The first illegal was the violation of Pakistani sovereignty. You can not go armed in a foreign country, private property and assaulting a kidnap or kill one of its occupants and those who seek help. The second is the extrajudicial execution of a criminal ground without trial or right to defense. The third is to get under torture from the information that led to the location of the offender.The first illegality was easily resolved, it was enough to get permission from Pakistan. The second also: Bin Laden is arrested instead of ending with him in a confused situation in which only information we have received contradictory. The third was difficult to resolve retrospect, no one can ignore useful information to defend his life by the mere fact of having been obtained by illegal means. The only contribution we can do for this side is that the eventual trial did not take into account the evidence obtained by torture or illegal detention.We must then examine the first two offenses. Imagine for a moment that Washington has asked the Pakistani government permission and cooperation to stop the Saudi mega-terrorism. To do something of this caliber should blindly trust the partner who is making such proposal. It is certain that the odds are drastically reduced in a possible joint military action. It is very strange that this option has been raised as one of the three studied, as reported by the White House, because it meant ensuring that the bird would fly before you hunt. If anyone has specialized in playing a double game, this was the Pakistani army and its very powerful secret services.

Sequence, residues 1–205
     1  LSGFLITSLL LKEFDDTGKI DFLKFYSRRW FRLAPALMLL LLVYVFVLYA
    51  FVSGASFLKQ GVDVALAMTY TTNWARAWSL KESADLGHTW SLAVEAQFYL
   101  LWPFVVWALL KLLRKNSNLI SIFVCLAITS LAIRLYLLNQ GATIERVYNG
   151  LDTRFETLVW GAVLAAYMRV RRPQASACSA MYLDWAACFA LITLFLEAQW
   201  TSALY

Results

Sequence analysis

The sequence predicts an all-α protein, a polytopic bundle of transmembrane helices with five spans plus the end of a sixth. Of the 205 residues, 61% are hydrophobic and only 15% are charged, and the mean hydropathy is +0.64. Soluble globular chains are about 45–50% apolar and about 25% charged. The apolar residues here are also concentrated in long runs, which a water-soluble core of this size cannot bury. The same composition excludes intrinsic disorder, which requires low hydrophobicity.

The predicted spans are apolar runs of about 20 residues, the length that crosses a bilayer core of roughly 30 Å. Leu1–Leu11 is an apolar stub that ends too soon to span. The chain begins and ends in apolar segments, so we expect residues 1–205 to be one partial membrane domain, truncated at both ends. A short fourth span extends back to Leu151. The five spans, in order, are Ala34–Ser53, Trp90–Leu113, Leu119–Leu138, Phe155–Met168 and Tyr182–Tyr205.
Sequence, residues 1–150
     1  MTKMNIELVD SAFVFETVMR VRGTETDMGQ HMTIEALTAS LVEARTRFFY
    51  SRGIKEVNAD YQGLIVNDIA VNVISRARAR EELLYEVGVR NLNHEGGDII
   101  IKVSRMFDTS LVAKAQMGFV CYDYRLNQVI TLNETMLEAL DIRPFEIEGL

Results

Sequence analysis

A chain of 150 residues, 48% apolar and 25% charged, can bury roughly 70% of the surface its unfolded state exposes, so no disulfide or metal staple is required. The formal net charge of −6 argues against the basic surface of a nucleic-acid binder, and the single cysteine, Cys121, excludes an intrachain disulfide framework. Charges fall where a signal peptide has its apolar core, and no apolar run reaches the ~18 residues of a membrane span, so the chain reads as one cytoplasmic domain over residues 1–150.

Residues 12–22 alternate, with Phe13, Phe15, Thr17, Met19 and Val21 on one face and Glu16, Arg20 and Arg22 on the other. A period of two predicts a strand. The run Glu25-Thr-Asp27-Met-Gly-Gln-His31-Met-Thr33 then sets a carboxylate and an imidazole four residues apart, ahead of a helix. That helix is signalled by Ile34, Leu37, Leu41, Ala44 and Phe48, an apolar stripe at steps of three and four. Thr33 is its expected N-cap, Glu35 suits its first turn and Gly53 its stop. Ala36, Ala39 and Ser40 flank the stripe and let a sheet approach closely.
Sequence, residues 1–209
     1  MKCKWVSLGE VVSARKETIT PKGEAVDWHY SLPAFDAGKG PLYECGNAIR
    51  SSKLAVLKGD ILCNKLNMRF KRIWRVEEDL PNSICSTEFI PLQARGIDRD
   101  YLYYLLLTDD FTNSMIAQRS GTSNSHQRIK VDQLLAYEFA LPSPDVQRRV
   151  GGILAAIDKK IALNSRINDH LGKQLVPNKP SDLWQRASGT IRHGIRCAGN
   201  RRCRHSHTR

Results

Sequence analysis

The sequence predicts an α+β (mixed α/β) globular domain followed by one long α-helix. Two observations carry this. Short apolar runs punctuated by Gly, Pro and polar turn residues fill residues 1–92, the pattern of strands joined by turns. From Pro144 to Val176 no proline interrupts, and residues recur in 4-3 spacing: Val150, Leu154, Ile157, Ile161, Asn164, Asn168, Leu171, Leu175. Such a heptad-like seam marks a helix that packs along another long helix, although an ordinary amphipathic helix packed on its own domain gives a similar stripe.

We have the arrest and surrender of Bin Laden to court. "The judge in New York at that natural has jurisdiction over the attacks of 11-S? "The International Criminal Tribunal in The Hague? "A military commission to try him summarily in Guantanamo or some other legal limbo? The cost-benefit ratio is disproportionate in all cases, especially if part of the initial decision to end Obama as Osama had a chance.
So the U.S. has decided not to follow legal procedures considered less effective in protecting its citizens and to provide escape routes or advertising the highest of the offenders. This attitude gives rise to a deep malaise, especially in Europe, and forced us into a thorny debate, but it is difficult to disregard Obama has acted in good conscience, above international law and in any case in accordance with the presidential oath which requires it to protect the safety of their fellow citizens.